Measuring Soil Carbon Sequestration
In hopes of reducing CO2 levels, many believe that agriculture can be the answer to sequestering carbon in the soil. In fact marketplaces are being developed to pay farmers based on how much carbon they sequester. For that to happen though we need accurate ways to measure and track soil carbon. Regrow has a tool to help with this, but chief strategy officer Bill Salas says they need certain data for their model to work.
Salas… “Information on crop growth is critical because the crops are providing the organic matter through root exudates, through root biomass, through residues. And we can monitor a lot of that from space. The other is the disturbance. How do you change the soil environment, which affects the rates of decomposition? So that's tillage management for the most part. And we can actually track a lot of that from space so we can really reduce the transaction costs.”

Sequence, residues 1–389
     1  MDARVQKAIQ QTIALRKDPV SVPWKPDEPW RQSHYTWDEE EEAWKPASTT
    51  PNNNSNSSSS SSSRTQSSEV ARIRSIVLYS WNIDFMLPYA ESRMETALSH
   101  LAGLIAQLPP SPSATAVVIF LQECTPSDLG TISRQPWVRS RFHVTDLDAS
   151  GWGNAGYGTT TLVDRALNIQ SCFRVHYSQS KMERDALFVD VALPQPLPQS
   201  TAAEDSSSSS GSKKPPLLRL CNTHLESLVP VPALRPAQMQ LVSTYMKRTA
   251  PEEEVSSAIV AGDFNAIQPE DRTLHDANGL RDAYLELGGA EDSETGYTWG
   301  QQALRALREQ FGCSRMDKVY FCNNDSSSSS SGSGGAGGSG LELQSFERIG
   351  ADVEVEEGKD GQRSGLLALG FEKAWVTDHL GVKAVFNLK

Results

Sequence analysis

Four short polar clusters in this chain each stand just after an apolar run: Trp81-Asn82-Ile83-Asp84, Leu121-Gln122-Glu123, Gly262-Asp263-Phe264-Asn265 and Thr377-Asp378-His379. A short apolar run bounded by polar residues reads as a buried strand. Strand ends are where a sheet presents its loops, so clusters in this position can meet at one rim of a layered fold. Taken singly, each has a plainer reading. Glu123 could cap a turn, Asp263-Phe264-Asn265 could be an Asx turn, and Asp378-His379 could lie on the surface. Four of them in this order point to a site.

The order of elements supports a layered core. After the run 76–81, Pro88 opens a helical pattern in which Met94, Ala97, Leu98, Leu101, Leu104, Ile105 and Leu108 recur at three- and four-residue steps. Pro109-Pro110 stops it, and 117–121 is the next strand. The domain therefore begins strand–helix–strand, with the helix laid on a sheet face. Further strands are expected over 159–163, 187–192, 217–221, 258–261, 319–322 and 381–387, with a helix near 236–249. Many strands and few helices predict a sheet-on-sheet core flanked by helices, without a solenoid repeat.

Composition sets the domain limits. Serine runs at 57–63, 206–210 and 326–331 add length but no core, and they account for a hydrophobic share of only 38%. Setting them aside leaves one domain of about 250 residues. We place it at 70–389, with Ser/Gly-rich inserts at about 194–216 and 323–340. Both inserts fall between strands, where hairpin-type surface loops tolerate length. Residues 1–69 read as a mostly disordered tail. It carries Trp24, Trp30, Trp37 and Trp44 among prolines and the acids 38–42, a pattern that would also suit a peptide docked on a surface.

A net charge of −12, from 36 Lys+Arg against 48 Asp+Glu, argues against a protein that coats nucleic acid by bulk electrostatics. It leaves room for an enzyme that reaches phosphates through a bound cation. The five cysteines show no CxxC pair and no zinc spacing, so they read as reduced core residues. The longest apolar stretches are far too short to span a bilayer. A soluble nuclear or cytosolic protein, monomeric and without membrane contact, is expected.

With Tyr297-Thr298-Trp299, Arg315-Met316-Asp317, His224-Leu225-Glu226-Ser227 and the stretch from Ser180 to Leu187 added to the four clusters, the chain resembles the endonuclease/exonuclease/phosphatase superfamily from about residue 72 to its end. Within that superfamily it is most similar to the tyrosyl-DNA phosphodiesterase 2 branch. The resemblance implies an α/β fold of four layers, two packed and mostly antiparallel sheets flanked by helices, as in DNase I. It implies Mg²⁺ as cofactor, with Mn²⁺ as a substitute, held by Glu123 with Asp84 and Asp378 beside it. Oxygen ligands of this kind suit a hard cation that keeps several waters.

Salas says the key to making all of this work is to somehow get maps of soil carbon stocks as they stand right now.
Salas… “Even if you have a perfect model that can model exactly soil carbon stock changes - if you have garbage in garbage out. We need good carbon initialization data. And that's where there's sort of innovative technologies to do in-situ carbon measurements that will reduce the costs of soil carbon stock measurement. And I think that is one of the key barriers right now for carbon markets.”
To learn more about soil carbon, checkout their website: www.Regrow.ag.